The Effect of Government Highway Spending on Road Users' Congestion Costs
AbstractPolicymakers attempt to reduce the growth of congestion by spending billions of dollars annually on our road system. We evaluate this policy by estimating the determinants of congestion costs for motorists, trucking operations, and shipping firms. We find that, on average, one dollar of highway spending in a given year reduces the congestion costs to road users only eleven cents in that year. We also find that even if the allocation of spending were optimized to minimize congestion costs that it still is not a cost-effective way to reduce congestion. We conclude the evidence strengthens the case for road pricing.
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Bibliographic InfoPaper provided by Regulation2point0 in its series Working paper with number 121.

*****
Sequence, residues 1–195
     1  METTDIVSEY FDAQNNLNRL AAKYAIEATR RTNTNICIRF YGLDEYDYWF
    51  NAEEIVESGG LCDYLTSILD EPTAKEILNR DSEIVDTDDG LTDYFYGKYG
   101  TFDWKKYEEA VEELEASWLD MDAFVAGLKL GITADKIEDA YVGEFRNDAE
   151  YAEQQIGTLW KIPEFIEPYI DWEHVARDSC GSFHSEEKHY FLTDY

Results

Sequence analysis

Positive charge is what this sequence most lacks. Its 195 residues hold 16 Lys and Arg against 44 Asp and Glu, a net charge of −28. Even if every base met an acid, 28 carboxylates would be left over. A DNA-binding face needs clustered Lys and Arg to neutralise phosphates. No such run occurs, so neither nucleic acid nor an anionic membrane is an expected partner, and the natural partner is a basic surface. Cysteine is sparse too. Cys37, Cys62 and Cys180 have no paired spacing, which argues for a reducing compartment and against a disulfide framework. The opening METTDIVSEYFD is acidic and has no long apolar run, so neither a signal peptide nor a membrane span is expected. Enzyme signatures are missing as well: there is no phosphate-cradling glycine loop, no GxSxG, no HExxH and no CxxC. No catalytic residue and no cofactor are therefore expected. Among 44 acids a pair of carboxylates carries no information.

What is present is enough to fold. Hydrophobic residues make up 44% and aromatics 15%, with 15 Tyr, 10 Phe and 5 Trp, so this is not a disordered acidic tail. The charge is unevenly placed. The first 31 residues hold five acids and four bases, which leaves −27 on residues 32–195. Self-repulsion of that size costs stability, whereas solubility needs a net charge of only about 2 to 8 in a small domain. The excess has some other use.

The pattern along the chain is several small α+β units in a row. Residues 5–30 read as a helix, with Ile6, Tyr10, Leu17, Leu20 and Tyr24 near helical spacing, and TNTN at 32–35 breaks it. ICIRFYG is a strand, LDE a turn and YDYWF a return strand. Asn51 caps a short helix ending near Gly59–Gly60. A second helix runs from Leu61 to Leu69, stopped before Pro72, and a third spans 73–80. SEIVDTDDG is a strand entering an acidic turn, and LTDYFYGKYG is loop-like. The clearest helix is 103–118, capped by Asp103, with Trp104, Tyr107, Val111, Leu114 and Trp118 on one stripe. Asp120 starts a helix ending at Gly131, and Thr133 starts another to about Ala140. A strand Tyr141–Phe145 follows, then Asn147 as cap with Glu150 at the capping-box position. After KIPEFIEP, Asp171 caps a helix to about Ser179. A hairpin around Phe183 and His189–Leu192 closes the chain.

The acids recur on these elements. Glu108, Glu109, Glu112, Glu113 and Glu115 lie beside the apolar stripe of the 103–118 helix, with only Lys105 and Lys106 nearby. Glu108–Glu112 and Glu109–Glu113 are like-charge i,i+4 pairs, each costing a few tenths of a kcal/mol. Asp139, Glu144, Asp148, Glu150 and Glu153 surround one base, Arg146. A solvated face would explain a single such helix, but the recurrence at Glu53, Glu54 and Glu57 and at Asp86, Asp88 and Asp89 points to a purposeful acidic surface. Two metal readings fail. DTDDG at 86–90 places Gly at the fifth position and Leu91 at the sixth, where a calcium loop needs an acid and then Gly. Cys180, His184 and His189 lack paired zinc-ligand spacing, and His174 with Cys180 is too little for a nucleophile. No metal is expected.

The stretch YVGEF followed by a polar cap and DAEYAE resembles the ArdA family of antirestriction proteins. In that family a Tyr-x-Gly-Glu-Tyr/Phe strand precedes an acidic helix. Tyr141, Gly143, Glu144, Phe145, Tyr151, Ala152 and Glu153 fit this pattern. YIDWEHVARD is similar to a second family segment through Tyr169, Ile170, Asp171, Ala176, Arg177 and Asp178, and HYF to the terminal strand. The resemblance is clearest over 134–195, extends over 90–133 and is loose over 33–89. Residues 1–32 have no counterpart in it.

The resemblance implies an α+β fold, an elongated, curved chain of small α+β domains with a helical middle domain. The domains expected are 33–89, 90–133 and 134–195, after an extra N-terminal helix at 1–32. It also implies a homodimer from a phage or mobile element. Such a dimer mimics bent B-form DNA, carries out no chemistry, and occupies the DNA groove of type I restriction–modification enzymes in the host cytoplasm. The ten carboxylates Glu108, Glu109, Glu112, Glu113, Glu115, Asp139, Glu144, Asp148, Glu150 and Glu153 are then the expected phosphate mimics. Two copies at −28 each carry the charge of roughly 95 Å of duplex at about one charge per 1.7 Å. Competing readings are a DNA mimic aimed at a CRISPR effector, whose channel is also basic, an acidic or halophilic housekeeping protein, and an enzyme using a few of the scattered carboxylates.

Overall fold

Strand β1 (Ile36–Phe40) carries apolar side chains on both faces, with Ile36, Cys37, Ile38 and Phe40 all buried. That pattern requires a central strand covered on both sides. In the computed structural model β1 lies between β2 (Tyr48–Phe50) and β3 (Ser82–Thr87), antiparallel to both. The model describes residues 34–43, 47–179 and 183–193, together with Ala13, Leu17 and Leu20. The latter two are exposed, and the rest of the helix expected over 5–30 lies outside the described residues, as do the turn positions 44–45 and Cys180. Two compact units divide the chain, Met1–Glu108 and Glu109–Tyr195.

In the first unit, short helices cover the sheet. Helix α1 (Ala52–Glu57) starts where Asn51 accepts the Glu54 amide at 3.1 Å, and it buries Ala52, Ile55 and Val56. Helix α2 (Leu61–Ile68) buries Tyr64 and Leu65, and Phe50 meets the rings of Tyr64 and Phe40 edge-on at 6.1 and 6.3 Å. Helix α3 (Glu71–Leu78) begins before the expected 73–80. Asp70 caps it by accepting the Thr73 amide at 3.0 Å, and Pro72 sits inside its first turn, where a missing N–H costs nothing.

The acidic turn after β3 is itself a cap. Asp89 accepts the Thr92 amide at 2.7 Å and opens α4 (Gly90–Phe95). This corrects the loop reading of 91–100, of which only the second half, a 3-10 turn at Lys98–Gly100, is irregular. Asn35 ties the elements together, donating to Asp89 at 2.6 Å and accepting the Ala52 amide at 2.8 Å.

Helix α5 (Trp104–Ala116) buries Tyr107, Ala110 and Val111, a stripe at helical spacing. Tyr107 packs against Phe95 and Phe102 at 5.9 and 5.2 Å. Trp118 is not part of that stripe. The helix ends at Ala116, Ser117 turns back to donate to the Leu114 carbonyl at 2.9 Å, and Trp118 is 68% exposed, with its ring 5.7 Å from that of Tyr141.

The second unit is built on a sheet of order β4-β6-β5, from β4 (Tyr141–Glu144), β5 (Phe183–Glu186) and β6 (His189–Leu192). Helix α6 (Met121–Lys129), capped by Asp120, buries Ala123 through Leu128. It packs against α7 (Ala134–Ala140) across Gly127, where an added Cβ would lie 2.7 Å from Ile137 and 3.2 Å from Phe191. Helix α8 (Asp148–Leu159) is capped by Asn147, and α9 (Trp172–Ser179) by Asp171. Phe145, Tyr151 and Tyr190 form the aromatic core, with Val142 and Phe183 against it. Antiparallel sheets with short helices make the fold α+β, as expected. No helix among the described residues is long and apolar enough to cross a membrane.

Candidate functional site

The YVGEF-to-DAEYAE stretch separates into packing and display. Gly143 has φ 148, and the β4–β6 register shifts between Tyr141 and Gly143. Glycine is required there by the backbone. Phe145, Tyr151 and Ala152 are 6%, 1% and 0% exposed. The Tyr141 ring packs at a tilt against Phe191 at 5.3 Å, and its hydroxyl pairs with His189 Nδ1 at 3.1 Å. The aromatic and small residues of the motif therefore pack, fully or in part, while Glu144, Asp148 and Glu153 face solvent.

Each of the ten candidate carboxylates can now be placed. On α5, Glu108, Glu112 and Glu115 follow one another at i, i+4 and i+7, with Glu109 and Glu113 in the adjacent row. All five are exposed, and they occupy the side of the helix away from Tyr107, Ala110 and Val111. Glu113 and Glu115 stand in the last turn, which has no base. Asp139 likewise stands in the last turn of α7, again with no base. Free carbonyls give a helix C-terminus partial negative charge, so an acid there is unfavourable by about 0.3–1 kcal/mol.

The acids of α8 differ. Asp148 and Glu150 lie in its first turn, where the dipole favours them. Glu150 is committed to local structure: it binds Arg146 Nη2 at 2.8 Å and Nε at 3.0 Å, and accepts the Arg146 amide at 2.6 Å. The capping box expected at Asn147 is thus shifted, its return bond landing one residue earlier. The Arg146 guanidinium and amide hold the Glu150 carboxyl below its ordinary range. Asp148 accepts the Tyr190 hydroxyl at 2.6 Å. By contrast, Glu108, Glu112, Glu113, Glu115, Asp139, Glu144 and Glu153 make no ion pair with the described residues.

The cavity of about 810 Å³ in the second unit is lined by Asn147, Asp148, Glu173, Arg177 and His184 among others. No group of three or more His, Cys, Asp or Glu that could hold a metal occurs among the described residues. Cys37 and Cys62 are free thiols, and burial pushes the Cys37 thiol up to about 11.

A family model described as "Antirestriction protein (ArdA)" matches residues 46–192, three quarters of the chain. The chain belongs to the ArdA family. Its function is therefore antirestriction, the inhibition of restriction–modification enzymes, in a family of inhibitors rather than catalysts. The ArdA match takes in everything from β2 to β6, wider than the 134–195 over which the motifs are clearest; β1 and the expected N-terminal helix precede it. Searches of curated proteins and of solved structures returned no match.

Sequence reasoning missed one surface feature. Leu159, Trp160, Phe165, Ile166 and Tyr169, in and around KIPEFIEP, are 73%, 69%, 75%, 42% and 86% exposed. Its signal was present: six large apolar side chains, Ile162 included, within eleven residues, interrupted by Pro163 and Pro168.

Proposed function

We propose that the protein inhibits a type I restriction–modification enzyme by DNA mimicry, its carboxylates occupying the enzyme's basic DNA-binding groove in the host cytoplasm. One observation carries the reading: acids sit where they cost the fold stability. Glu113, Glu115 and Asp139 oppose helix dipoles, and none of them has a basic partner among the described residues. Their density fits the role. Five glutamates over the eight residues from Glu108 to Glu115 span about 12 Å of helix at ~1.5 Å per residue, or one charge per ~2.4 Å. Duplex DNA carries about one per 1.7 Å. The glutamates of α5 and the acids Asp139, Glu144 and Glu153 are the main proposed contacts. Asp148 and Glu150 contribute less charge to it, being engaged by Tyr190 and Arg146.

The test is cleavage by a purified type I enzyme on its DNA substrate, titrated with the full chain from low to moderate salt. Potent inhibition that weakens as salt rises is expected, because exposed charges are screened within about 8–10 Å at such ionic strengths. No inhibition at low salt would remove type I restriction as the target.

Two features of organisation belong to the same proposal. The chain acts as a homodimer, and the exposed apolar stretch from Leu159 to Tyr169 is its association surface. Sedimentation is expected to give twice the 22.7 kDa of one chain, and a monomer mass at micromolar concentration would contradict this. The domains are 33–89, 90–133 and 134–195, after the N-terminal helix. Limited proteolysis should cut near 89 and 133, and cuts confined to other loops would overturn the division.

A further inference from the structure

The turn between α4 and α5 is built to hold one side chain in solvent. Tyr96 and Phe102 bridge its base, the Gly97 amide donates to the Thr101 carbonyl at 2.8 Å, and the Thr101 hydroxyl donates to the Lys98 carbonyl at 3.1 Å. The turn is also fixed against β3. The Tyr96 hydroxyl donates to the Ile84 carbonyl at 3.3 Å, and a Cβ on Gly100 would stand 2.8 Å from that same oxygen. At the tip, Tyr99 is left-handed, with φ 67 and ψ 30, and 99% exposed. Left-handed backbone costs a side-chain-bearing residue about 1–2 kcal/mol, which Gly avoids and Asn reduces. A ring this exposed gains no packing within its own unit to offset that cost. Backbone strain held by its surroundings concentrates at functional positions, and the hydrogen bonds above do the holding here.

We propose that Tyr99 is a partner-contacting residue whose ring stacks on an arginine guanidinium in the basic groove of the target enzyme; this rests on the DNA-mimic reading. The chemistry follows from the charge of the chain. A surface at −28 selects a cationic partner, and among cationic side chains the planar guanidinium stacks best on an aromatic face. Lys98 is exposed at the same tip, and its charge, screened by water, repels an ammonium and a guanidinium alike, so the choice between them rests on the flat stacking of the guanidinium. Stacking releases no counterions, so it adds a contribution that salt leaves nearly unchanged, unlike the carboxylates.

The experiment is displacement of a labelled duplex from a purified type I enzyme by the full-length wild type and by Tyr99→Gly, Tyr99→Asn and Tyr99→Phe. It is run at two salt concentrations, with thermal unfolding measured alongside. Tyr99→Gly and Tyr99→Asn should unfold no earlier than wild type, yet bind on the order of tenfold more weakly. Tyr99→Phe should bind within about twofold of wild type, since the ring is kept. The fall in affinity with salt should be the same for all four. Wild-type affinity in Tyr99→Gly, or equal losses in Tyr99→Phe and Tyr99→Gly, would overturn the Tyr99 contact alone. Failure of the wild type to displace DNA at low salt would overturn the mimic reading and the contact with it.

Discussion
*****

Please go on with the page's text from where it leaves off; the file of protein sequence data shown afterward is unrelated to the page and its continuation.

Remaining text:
Date of creation: May 2006
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- Winston, Clifford & Langer, Ashley, 2006. "The effect of government highway spending on road users' congestion costs," Journal of Urban Economics, Elsevier, vol. 60(3), pages 463-483, November.
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- McArthur, D.P. & Thorsen, I. & Ubøe, J., 2012. "Labour market effects in assessing the costs and benefits of road pricing," Transportation Research Part A: Policy and Practice, Elsevier, vol. 46(2), pages 310-321.
- Daniel Albalate & Germa Bel, 2008. "Shaping urban traffic patterns through congestion charging: What factors drive success or failure?," IREA Working Papers 200801, University of Barcelona, Research Institute of Applied Economics, revised Jan 2008.
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